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Sexual violence is a major public health problem that exacts a toll on the health and well-being of millions of individuals, communities, and broader society. Decades of research have improved our understanding of the nature and scope of the problem, including disparities in the burden of sexual violence across populations. Researchers have also documented the substantial short- and long-term effects of sexual violence on survivors and estimated the economic burden to society that results. In recent years, the field has made strides by identifying evidence-based approaches for primary prevention of sexual violence at each level of the social ecology. Perhaps most importantly, the field has begun to move toward a focus on shared risk and protective factors for co-occurring and interconnected forms of violence, a new strategic direction for violence prevention aimed at maximizing the impact of prevention efforts and resources. This chapter reviews what we know about the nature and burden of sexual violence—and how we can prevent it.


Sexual violence, as defined by the Centers for Disease Control and Prevention (CDC), includes any sexual act committed or attempted by another person without the victim's freely given consent or against someone unable to consent or refuse.1 This definition encompasses a range of unwanted sexual behaviors, including sexual penetration of a victim or being made to sexually penetrate someone else resulting from the use of physical force, alcohol/drug intoxication, or nonphysical pressure (i.e., sexual coercion). Sexual violence also includes intentional sexual touching or noncontact acts of a sexual nature that are unwanted and without victim consent.1 Sexual violence can occur at any age (e.g., against children or adults), anywhere (e.g., at home, work, school, or in public), and by any type of perpetrator (e.g., friend, spouse or intimate partner, relative, coworker, acquaintance, or stranger). As such, it overlaps substantially with other domains of violence research. For example, sexual violence against children is frequently considered in the context of research on childhood abuse and neglect (see Chapter 176: Child Abuse and Neglect), while sexual violence within the context of an intimate relationship is often addressed in research on intimate partner violence (see Chapter 178: Intimate Partner Violence Prevention). Although a majority of sexual violence involves a male perpetrator and a female victim, sexual violence can also occur between people of the same sex and can involve a woman perpetrating sexual violence.2–4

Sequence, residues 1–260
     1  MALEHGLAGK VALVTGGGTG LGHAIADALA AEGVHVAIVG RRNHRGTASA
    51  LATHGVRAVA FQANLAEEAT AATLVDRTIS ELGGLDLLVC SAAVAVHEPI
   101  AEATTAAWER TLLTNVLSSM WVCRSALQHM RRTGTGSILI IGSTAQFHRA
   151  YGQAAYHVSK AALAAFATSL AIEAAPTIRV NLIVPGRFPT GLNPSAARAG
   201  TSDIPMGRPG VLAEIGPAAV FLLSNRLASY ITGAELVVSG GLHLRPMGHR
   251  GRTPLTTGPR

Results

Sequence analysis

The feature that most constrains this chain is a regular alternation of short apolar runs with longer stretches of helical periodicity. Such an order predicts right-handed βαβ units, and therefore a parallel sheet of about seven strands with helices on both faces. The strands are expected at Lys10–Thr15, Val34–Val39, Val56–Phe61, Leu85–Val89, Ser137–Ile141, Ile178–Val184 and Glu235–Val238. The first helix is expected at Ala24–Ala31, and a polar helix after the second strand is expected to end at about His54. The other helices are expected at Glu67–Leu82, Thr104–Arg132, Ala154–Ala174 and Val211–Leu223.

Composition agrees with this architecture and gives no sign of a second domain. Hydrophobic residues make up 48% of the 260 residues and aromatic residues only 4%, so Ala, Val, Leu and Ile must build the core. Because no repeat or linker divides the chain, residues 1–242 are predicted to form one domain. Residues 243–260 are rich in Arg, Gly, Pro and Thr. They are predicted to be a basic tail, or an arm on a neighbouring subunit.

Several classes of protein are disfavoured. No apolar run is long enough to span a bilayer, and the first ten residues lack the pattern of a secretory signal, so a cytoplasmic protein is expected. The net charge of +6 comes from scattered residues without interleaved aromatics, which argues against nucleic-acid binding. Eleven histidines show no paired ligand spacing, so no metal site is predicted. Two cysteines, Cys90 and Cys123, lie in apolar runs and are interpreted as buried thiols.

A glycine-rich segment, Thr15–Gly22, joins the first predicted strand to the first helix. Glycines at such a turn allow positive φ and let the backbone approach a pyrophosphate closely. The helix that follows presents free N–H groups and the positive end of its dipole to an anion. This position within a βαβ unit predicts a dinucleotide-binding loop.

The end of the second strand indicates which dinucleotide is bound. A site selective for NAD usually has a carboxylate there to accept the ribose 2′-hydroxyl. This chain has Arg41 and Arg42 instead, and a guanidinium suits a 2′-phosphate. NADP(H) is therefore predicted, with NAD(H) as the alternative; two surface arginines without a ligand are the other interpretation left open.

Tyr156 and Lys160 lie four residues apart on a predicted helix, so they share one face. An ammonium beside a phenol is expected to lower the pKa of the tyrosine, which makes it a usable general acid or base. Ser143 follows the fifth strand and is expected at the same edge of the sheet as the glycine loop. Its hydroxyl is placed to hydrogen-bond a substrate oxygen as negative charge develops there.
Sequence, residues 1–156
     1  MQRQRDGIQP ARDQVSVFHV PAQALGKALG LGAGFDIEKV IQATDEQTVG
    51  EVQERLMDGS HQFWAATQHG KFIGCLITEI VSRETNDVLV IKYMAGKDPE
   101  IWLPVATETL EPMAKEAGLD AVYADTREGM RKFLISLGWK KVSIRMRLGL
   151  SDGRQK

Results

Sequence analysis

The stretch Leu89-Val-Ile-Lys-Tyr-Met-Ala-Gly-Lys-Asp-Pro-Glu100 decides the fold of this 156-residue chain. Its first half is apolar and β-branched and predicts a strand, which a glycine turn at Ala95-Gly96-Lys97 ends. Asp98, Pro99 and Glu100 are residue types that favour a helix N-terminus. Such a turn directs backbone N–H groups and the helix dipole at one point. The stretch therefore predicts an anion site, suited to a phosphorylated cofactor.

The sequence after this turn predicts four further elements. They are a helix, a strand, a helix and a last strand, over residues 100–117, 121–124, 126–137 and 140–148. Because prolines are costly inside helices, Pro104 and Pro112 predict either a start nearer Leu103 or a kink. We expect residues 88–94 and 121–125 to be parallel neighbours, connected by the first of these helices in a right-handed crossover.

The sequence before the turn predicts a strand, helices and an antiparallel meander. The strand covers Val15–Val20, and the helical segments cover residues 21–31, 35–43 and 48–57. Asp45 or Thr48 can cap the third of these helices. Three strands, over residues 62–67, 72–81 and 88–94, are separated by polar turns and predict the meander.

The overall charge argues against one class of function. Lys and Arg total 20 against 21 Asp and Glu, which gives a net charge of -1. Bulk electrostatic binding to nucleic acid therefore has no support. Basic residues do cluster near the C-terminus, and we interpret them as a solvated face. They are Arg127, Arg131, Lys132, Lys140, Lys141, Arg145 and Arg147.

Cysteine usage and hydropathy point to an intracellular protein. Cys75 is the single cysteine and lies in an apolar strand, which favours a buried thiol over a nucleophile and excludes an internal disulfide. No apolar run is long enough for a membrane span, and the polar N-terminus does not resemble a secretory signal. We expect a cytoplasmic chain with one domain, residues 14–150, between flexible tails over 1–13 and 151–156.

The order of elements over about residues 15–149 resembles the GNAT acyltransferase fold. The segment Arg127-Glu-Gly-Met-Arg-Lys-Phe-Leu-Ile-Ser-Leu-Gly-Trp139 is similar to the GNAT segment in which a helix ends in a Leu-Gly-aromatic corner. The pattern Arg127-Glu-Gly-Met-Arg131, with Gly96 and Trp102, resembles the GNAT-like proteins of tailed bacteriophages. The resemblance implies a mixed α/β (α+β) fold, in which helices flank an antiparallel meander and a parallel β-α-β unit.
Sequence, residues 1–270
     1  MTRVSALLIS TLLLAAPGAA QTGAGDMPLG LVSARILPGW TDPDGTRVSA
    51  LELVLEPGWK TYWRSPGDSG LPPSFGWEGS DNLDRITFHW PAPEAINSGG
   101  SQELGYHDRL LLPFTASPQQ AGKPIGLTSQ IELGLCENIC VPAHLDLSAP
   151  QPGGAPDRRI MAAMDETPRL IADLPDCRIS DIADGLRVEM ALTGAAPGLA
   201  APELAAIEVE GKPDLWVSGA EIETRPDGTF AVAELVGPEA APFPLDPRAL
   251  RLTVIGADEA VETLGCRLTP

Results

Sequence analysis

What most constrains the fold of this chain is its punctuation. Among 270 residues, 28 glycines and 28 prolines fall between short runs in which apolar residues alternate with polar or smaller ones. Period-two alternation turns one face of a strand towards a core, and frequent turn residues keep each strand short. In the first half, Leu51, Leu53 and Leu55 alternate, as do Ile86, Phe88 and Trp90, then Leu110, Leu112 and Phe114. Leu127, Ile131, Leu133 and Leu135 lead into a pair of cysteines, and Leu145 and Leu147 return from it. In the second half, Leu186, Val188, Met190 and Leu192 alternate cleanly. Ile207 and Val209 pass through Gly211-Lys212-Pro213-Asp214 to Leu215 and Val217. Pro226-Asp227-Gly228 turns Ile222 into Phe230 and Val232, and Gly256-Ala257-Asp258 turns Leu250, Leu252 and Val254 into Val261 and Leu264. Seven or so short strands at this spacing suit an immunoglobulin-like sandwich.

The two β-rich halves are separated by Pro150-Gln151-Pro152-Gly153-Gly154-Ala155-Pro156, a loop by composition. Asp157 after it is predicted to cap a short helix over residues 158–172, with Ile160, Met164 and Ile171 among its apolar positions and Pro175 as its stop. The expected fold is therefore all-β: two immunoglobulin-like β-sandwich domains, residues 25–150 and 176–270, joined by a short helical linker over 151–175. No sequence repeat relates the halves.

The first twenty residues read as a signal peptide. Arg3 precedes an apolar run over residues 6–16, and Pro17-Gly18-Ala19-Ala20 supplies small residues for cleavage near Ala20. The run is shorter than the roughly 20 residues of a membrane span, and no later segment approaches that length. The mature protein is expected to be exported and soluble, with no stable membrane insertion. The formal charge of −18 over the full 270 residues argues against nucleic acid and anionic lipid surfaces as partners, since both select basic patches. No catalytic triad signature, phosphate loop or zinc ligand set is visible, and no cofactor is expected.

The term sexual violence—used most often in social science and public health research and practice—captures a broad range of sexually violating behaviors that may or may not meet the legal standards for criminal behavior in every state or jurisdiction.5 In contrast, the terms rape and sexual assault originate in legal definitions of criminal sexual behavior, capturing more defined subsets of unwanted sexual acts that vary by jurisdiction. Rape typically refers—in a legal context—to nonconsensual sexual penetration that results ...

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